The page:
Hamilton's top 10 newsmakers of 2013

An embattled police chief, an irate hockey mom and a new Ticat head coach made headlines in Hamilton this year.

Embattled police chief, irate hockey mom and a new Ticat head coach made headlines

Hamilton Police Chief Glenn De Caire has been fighting to end paid suspension for police officers since 2014. (Adam Carter/CBC)
Ancaster's Tim and Sharlene Bosma, in happier times.

1. Tim and Sharlene Bosma      

Few people captured the hearts, minds and prayers of people across the country this year like Ancaster’s Tim and Sharlene Bosma.

Tim Bosma, 32, disappeared in May when he went on a test drive with two men in a truck he was looking to sell. He never came home.

His burned remains were found days later, sparking an outpouring of grief from the tight-knit community of Ancaster. Sharlene remained the face of the story, through press conferences, court appearances, and a heartfelt public memorial for Tim. She repeatedly told the media she was staying strong for their young daughter.

Two men, Dellen Millard and Mark Smich, stand accused in the killing.

2. Hamilton Police Chief Glenn De Caire     

Chief Glenn De Caire’s protracted power struggle with city council over his department’s budget was a defining moment of his reign as chief and one of the dominant stories of the year.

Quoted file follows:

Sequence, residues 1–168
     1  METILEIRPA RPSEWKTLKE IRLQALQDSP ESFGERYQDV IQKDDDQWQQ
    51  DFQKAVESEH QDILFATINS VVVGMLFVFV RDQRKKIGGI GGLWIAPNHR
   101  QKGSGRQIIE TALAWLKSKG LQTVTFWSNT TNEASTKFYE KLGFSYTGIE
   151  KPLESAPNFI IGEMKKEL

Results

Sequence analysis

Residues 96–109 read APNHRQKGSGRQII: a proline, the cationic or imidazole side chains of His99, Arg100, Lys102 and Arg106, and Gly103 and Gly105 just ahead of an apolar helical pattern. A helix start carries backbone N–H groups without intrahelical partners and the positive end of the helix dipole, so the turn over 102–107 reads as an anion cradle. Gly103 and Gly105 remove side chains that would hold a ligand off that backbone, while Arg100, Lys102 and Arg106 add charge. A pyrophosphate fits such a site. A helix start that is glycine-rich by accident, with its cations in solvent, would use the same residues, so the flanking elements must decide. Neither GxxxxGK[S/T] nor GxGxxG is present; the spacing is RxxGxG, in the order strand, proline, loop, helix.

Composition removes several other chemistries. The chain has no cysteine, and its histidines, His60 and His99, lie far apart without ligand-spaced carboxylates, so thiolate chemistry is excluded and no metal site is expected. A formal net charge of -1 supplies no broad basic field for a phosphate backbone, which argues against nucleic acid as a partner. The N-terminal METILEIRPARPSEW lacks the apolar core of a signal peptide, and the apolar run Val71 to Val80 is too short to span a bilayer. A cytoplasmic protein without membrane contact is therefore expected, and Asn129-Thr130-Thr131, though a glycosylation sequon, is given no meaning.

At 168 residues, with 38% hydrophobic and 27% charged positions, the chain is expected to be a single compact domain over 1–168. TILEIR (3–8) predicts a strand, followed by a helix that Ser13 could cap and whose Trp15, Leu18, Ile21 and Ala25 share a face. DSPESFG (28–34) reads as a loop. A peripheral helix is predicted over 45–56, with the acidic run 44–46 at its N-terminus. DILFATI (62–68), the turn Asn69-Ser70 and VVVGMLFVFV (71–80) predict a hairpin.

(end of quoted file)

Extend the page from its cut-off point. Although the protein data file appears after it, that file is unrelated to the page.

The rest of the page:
A few months after it was resolved, De Caire announced he would not be seeking a renewal of his contract. Did he realize he had burned too many bridges, or was he tired of the politics in policing?

But De Caire as a newsmaker extended beyond the budget debate.

The conflicts and divisions among members of the police board that resulted in the suspension of city councillor Terry Whitehead from the board were largely about unflinching support for De Caire from provincial appointees and a more questioning approach from the members of council on the board.

De Caire was also on the hot seat over the shooting by his officers of Steve Mesic, especially around the victim's family's demands for an apology.                            

3. Steve Mesic 

Former steelworker Steve Mesic died in June after he was shot by police. His death sparked heated debate over police use of force. (Courtesy Mesic Family)